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walking path. this is a way to add more physical activity without making it feel like a chore. >> a grant helped pay for the playground which is free to use. >> some of that looked kind of painful. i'm just saying. >> it's not painful. >> ray rice already lost his job after video surfaced showing him punching the woman who is now his wife. now he's losing endorsements. plus a closer look at domestic violence and new numbers showing it cost the world 8 trillion-dollar a year. @
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>> ray rice is losing more income. the baltimore ravens dropped the player after a video showing him
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punching his fiancé. now he's losing endorsements. an electronic art said he it will remove rice from its madden game. janay, his wife, responded. she said she felt they was mourning the death of her closest friend. she went on to defend her husband and blast the media for causing pain to the couple. >> people come privately. there are issues, it's not the first time that it's usually happened. it's usually the first time that they're airing it or finding voice. but it's also about finding safe space. if you air it, your children are in trouble, your husband is in
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trouble, and the woman is looking for her own stability. there are not enough safe spaces to go to. you try to counsel them and hug them and embrace them so they feel what love really feels like thin they listen. they need to share their story. i was recently with one of my drivers who witnessed his father abusing his mother as a child. he witnessed it as five years old. the traumatic affect that it had. he said for the first five years in school he didn't speak. so his school put him into what they called the 600 class because they thought he was not capable of learning. the woman will feel, if i air this, what will happen to my family. >> once a victim talks to you about the stability they want, how often then once they get that outdo they actually leave their husband?
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again, the statistics are astounding about the number of people who choose to stay. >> it's staggering and astounding. they stay for many reasons. many because it is their security. it is a person that they trust. many find that they are the victim, yet they sometimes feel that they were responsible for the victimization. there are many reasons that go to that. the counselor can refer to them long term to a psychologist or psychiatrist. people who are trained for domestic violence for their lifetime. a lot of times we're in the listening mode and referral mode, referring them to a safe place to talk. >> besides the staggering report that domestic violence hurts economic productivity in a way that shocks so many people. is this an issue that many of us are overlooking. >> it effects us in terms of economics, but nothing is good. it's never acceptable.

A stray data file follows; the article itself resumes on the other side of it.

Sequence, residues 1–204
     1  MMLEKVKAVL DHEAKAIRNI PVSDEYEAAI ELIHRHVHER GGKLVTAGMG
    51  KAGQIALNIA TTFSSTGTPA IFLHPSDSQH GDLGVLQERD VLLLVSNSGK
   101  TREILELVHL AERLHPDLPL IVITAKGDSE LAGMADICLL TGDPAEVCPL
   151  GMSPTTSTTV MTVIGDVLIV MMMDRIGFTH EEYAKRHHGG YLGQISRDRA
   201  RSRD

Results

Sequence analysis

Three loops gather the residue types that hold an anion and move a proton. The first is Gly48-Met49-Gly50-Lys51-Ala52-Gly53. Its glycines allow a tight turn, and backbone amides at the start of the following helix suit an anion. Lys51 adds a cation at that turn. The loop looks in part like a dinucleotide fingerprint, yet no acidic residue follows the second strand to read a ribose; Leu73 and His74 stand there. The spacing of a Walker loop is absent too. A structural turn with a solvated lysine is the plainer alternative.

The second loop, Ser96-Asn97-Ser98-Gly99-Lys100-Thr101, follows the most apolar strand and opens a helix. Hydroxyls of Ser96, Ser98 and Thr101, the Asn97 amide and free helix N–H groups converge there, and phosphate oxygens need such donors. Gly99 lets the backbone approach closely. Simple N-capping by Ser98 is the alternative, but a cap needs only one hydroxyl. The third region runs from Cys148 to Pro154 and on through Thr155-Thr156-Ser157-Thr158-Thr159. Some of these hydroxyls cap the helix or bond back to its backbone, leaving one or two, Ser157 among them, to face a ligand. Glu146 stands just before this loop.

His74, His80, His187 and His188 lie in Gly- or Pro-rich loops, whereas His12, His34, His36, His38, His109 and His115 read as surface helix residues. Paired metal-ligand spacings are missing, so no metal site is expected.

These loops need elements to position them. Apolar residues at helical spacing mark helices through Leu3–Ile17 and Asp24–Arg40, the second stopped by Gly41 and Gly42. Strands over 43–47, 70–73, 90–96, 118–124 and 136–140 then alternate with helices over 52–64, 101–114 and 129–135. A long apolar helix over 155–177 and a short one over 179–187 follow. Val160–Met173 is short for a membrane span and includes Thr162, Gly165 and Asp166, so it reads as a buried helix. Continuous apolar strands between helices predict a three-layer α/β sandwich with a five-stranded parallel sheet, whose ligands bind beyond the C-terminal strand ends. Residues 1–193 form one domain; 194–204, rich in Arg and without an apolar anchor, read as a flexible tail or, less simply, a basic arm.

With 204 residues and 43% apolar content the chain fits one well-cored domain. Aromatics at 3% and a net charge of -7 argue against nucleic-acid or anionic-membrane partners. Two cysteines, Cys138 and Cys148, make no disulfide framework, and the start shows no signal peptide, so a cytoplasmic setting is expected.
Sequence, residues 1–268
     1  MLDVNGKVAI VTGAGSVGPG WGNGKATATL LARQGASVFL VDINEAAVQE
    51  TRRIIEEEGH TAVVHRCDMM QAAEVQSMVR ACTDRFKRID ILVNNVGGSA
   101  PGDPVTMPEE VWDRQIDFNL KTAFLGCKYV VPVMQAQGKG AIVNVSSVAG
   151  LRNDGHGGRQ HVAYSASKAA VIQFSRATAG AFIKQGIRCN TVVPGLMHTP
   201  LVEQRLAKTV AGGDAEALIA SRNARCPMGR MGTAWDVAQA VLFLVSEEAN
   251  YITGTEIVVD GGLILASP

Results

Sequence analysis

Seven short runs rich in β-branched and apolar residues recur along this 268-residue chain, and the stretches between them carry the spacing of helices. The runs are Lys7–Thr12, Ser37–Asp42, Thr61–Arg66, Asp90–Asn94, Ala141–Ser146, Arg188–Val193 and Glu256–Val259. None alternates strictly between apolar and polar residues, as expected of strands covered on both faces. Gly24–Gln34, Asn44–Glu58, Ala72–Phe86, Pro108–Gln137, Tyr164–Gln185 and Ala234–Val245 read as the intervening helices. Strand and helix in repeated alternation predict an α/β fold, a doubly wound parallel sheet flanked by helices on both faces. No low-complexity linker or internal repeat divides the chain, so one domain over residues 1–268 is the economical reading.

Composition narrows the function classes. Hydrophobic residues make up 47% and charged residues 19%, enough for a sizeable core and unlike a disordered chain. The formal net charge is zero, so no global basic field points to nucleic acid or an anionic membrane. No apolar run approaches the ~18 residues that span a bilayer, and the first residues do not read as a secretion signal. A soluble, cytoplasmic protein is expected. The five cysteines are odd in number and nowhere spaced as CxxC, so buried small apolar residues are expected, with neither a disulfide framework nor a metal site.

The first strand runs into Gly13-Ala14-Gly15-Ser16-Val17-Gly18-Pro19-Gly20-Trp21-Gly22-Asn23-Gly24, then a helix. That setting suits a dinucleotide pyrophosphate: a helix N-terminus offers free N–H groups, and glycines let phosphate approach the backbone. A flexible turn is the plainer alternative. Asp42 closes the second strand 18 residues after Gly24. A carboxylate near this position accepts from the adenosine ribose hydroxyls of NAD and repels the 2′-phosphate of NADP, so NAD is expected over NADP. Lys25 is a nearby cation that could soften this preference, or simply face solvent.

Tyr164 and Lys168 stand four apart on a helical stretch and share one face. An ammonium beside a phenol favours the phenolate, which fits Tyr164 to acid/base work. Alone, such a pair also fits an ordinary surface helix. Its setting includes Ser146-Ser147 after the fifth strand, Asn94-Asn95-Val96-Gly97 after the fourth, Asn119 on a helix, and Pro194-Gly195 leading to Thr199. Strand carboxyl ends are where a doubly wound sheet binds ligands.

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no matter what the value doctor is attached it's never acceptable. there are effects that you cannot put a dollar on. there is domestic abuse the other way. there are men abused as well. i was with the police department for 21 years. when you walk in and you see a family who has been abused, and first of all its sickening to your stomach. number one, just the optic of what is happening, whether it's black eyes, broken bones, and then you have psychological effects that cannot be measured. it's a dollar that you cannot put a dollar on. i think what man we saw historically we saw what domestic violence really looked like. when people weren't slaves, my culture, who they were with. that was the beginning of transferring it generationally. the way to express your anger,
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punish was to punish them physically. it started really there with our culture. >> domestic violence victims are sharing their stories on social media using the #why i stayed. >> reporter: we first told but this hashtag trending last night and the conversation has only grown with powerful messages from domestic violence victims. most of them women. like jenny, why i stayed. because he said he would kill himself if i left. and cassandra writes, because he promised he would change. i was embarrassed to tell my family that i was a victim. and another writes, i was scared of what he'd do to me if he found me. hashtag why i left. he threatened to kill me and
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kidnap an my children. why i stayed, i thought i deserved the bruises. why i left, it was either die or runaway. i chose to run. >> appreciate it. india and pakistan are struggling to help hundreds of thousands of people stranded by the worse flooding in years. more than 400 people have been killed in both countries. rescue workers are trying to reach hundreds of thousands of people stranded in hard hit areas. most have been airlifted to india controlled kashmir. wet monsoon weather is making things worse. floodwaters are not expected to recede for days. semi year i can'nigeria's and cameroon's dispute over areas where many remain hopeless and stateless. we go to the my year gentlema
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nigeria and cameroon area. >> the situation is unbearable. we don't know how to clothe our children, how to bathe them, feed them. >> they have to share this classroom with 12 other families. this is what has become of the people who left their homes in the disputed peculiar peninsula. an once thriving initial be fishing community. cameroon took control of the area, and most of the population consider themselves nigerian. people hearsay they fled due to attacks by cameroonian security forces. 1,000 families have been crammed into two schools in the village near the border since march last year. they share two toilets. they have to shower in the bush.